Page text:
of the right to do so in such cases without they give their written consent for the enlistment of minor or ward. It is possible that this right may be asserted and maintained at any time during the existence of the minority or guardianship, if the party entitled to the tody uf the minor or ward makes proper application therefor. But it seems to me that this law was made for the exclusive benefit of parents and guardians, so as to the better enable them to perform the parental or guardians' duty. This they might not be able to do if the minor or ward owed obedience to another authority. The same rea.son does not apply to the minor or ward; and, so far as he is concerned, especially in this and similar cases, I can see no good reason for holding that a contract of enlistment, made under such circumstances, must be declared absolutely void as against the party enlisting, though it may be so as against the parents or guardian, if no written consent be given for the enlistment. The guardian does not here seek the custody and control of his ward. It is the ward who comes into court and asks to have declared absolutely null and void his own deliberate act and deed, after he had stood by the same for more than 18 months. This, I think, cannot be done; more especially when the enlistment was one of the very fairest, and when the recrui& swore positively that he was 21 years old at the time of enlistment. He was perfectly well advised of what he was doing when he made the oath, as he himself admitted on this hearing. He must not be permitted to take advantage of his own wrong under sucb circumstances, nor to stultify himself in such an unusual manner. The prayer of the petitioner is therefore denied, and he is remanded to the custody of the respondent.
taircuit CQurt, E. D. Pennsylvania. April 28, 1885.)
CUSTOMS DUTIES-DRESS GOODS COMPOSED IN WHOLE OR IN PART OF WOOL.
The distinction· between goods composed wholly of wool and other purely animal products and such as are onlyin part so composed, maintained; following treasury department decision No. 6,S:.J.l.
At Law. F. P. Prichard, for plaintiff. J. K. Valentine, contra. BUTLER, J. When the question involved was first brought to the notice of the treasury department, the language "all such goods," used in the proviso to the paragraph beginning "Women's and children's dress goods," in the act of 1883, c. 121, Sched. R. N. (St. p. 505,) was held to apply to the same goods only, described by the
IN RE JOSEPH.
same language when employed a little earlier in the paragraph; and consequently the operation of the proviso was confined by the secretary to goods manufactured exclusively of animal product-wool, hair, etc. When the question was afterwards submitted to the attorney general, he adopted the same view of this language in the proviso; but, evidently mistaking the limited sense in which it was hefore used, he applied it to the entire paragraph, so as to include in its operation or effect goods manufactured in part of other materials. rfhat the original construction by the secretary was correct, we do not doubt. Not only does it conform to a correct reading of the paragraph when considered by itself. but it is consistent with the spirit of recent legislation by congress on the subject to which it relates. It continues the distinction between goods composed wholly of wool and other purely animal products, and such as are only in part so composed, while a different construction would obliterate this distinction, as soon as the new standard of value, mentioned in the proviso, is reached. Judgment must accordingly be entered for the plaintiff.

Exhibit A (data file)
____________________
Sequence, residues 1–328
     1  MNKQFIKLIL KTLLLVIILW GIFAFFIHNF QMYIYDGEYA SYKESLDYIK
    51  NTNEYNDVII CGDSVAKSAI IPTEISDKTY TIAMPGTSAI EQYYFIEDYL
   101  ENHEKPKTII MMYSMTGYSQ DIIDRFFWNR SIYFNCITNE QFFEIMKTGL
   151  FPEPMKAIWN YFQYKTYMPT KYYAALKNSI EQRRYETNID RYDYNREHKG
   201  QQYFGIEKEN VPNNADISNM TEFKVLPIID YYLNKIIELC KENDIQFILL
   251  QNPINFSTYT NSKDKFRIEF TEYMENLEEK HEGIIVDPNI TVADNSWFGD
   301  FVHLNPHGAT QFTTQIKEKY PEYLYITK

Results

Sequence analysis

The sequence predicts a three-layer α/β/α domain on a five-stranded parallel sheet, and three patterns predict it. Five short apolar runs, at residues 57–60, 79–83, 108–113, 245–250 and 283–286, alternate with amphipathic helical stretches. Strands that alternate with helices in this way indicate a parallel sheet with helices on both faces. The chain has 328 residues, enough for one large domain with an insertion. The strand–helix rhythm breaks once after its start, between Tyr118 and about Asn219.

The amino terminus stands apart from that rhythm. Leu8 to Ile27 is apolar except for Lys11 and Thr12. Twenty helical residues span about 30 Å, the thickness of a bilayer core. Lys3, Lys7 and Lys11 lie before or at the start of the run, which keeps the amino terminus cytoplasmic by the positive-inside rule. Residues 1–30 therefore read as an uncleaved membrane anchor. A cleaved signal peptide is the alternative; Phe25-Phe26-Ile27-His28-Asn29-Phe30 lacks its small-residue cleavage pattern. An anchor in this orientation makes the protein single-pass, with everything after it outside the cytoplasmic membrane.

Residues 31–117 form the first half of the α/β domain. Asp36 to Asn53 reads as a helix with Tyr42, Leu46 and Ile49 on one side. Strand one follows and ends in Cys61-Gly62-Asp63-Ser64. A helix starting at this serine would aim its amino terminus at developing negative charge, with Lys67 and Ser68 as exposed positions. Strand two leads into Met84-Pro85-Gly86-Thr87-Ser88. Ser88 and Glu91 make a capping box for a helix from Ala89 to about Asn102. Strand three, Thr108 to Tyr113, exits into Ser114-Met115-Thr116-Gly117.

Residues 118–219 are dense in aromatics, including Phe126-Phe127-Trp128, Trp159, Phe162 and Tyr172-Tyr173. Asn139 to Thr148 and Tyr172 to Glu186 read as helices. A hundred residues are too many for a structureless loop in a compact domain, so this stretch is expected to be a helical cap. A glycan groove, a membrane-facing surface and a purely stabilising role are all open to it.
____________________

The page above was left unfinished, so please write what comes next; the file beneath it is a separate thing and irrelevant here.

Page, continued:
O()Ul't, S. D. New York. 1.
BANKRUPTCy-COMPOSITION-REFUSAL OF DISCHARGE.
An adjudication that a bankrupt is not cntitled to a dischargE> will not bar proceedings for a composition with his creditors.
SAME-COMPOSITION, HOW CONSIDERED ON HEVlEW BY CIRCUIT COURT.
Whether it is expcdient to accept the perccntage offered by a bankrupt is a que8tion pril)1arily for the crcuitors to determine. And although the perccn tage may be very small, when they have determined it, and their action has bet·n approved by the district court, the circuit COUrt, upon review, will not interfere.
In Bankruptcy. WALLACE, J. The bankrupts applied for a discharge and were opposed by some of their creditors under the provisions of section 5110, and their discharge was refused. Thereafter they proposed a composition, and the majority of the creditors resolved to accept it. ffhe district court approved the terms, and orderer1 the recording of the resolution. The creditor who opposed the composition has petitioned for a review of the order of the district court, and now insists that the application of the bankrupts for their discharge, and the denial thereof by the court, was a bar to the proceedings for a composition. An adjudication that a bankrupt is not entitled to a discharge may conclude him from obtaining a discharge upon a subsequent application in the same proceeding. Be Brockway, 21 Blatchf.136; S. C. 23